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AnnaLisa
10-04-2012, 02:45 PM
I have been thinking that it would be nice to do a little bigger pastelpainting
than I usually do. Therefore I would like to ask you

- How big is the largest pastelpainting you have done and how did you mount it??

Turpintine45
10-04-2012, 09:48 PM
One thing to consider with painting large is that pastels have to be framed under glass so the bigger size the heavier it gets. You can get plexi glass but for the standard for framing it gets very expensive. 18x24 would be big. I think 'blue paints large and he may be able to help you.

DAK723
10-04-2012, 09:54 PM
I used to routinely work on full size sheets of Canson mi-teintes or velour which usually are about 18" x 26" or so. Now I usually work smaller. I don't frame a lot of work, but have framed a few that large. Usually at that size I will use acrylic glazing (plexiglass), and on one occasion used museum glass for a show. I had no particular problems at that size.

Don

barriespapa
10-04-2012, 09:55 PM
The largest I have done is a 24 " x 36 " a full sheet of Uart 400.
I mounted it on a sheet of 4'x4' plywood with some newspapers between to do the painting. After I removed and taped to a piece of cardboard that the uart came in and covered it with glassine paper for storage. I found out that the cost of framing larger paintings is a bit pricey unless of course you have a commission. As far as mounting the painting to frame I usually leave that to my framer,he is much better equipped to handle the larger sized paintings .
David

AnnaLisa
10-05-2012, 02:31 PM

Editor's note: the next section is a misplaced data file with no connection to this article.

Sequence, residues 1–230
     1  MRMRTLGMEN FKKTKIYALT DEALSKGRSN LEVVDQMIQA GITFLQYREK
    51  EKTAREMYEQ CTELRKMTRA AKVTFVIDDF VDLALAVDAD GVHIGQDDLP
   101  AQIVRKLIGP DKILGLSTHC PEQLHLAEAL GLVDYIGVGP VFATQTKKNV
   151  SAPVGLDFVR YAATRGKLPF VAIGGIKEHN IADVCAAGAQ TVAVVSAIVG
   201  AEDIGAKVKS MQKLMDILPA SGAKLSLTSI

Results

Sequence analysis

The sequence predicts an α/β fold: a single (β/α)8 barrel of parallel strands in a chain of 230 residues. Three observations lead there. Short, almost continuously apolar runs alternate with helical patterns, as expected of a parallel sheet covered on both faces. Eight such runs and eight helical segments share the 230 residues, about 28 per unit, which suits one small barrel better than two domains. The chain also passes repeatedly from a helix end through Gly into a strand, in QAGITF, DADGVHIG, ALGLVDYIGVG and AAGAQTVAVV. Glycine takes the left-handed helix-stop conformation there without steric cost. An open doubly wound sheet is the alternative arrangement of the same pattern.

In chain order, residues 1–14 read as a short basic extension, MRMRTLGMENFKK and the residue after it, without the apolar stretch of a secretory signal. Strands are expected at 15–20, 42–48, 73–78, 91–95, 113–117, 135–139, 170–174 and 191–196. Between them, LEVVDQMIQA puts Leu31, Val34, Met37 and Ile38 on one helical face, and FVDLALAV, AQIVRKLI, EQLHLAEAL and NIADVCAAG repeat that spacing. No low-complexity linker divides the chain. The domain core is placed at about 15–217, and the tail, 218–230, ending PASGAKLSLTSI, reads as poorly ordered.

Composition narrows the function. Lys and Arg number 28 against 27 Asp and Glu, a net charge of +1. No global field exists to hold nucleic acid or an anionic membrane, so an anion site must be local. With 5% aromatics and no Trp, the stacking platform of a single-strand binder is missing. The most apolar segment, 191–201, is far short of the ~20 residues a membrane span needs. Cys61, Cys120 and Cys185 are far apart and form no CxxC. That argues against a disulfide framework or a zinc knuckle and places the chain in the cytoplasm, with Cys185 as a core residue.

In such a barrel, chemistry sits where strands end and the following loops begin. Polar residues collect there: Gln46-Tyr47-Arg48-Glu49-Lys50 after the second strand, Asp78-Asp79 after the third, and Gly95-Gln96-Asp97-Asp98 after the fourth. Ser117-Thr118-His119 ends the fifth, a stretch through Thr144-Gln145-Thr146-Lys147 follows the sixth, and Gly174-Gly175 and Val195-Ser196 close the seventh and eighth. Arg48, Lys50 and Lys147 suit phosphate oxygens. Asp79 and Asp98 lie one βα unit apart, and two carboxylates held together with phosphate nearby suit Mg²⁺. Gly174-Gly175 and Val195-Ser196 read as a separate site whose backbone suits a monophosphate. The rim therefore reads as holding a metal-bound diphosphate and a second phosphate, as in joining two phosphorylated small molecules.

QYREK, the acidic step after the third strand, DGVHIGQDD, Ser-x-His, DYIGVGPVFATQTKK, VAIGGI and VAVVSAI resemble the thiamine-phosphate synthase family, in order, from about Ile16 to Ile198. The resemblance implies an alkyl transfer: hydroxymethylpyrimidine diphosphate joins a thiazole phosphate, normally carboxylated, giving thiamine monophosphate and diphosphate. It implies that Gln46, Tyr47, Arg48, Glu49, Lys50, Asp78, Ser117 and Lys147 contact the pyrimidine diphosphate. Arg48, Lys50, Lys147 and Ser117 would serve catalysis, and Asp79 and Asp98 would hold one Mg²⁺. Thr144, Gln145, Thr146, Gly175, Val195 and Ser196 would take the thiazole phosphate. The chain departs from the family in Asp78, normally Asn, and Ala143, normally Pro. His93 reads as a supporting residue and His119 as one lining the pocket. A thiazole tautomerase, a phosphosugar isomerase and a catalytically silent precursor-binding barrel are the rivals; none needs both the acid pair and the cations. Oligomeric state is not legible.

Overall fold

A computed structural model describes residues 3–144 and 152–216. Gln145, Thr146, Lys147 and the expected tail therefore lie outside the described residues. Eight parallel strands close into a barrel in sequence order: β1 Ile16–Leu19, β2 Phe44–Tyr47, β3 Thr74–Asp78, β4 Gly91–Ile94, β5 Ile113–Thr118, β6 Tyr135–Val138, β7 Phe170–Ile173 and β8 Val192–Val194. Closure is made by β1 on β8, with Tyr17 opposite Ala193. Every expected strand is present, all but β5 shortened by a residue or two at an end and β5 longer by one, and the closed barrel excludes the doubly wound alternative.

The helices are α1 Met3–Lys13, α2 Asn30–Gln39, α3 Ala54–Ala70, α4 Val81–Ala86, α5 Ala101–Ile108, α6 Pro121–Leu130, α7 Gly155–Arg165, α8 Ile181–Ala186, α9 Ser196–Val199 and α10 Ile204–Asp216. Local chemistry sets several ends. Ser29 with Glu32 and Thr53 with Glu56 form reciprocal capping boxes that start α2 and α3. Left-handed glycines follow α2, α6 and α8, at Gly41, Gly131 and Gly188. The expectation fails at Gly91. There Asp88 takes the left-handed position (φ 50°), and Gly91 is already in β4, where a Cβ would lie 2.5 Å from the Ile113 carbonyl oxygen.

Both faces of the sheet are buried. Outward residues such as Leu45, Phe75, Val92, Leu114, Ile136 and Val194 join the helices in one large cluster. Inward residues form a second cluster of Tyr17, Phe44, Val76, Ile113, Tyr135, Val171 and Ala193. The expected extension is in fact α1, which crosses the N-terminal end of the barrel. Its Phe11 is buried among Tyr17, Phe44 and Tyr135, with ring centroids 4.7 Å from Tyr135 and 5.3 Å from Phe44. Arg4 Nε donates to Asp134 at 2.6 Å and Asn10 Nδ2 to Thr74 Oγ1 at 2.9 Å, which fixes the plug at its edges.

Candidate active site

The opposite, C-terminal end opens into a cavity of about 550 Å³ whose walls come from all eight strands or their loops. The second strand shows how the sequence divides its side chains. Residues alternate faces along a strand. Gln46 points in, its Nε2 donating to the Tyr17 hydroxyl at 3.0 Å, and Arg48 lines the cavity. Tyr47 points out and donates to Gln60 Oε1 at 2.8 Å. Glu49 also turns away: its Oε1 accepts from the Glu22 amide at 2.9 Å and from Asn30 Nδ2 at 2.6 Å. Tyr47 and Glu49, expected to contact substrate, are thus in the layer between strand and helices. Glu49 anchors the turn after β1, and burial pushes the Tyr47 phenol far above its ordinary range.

Thank you Jan, Don and David for your answers.

I have consider the heaviness of the glass, and I asked about that in anothe
thread and the plexiglass came up, very good that you mention that.

The thing I am thinking about is how large you can go with for instance
with double side tack. I read that Deborah and Paula used Grafix double tack
and you can cut it in the size you want.

I will check if there are framers here who can frame pastels hehe, I have
not seen one pastel painting in the galleries here, not recently painted anyhow, just someone old and it was a small one.

The thing is that when painting landscapes is it not nicer to have a little
larger painting, if you paint a landscape where the view is a long distance.
(hope you understand my english) If you have a great landscape it can
make a bigger impact on you. It depends of course what landscape it is.
I have not done many landscapes so I dont know so much about that, how
are you thinking about that?

SandyB
10-05-2012, 05:27 PM
I agree that a large landscape can make a very nice impact! I have done a 20 x 40 (that was shipped elsewhere to be framed). The largest I have done and framed myself (so far) is 16 x 41. In both cases I made the panels myself using birch plywood and my own mixture of marble dust, gesso & acrylic). I framed the large piece with museum grade acrylic and it's not unreasonably heavy.

This is the 16 x 41" painting:

http://www.wetcanvas.com/Community/images/05-Oct-2012/19028-ReturnToMorro.jpg

Another way to make a nice, large, impact is to do a triptych. The one below is of 3 24x18's which can be individually framed with thin frames, then framed in one large frame.

http://www.wetcanvas.com/Community/images/05-Oct-2012/19028-BackToMorro.jpg

Thanks for this thread, AnnaLisa - it makes me want to get out my "Big" gear again! :)

AnnaLisa
10-05-2012, 07:06 PM
Hello Sandy!!

I have been to your website some time ago and these pictures make me want to go back as soon as possible:) You are sooo good with pastels!!

Yes the large painting makes you feel like you stand there on the beach,
its a whole different feeling with a large painting if the motive is with a
view like that. The 3 in 1 paintings is also a solution. I have not seen it like
that, it is smart with 3 thin frames and then fram the whole thing, thank you
for your info.

I tried to make a board with masonite and blended gesso (galleria) with small
marble 'stones' or what you call those. We didnt have the powder here so I had to crush it in a thing we have in the kitchen (dont know the name in english) it was such a hard work,
then when dried it was too gritty, to big things on the surface, maybee I can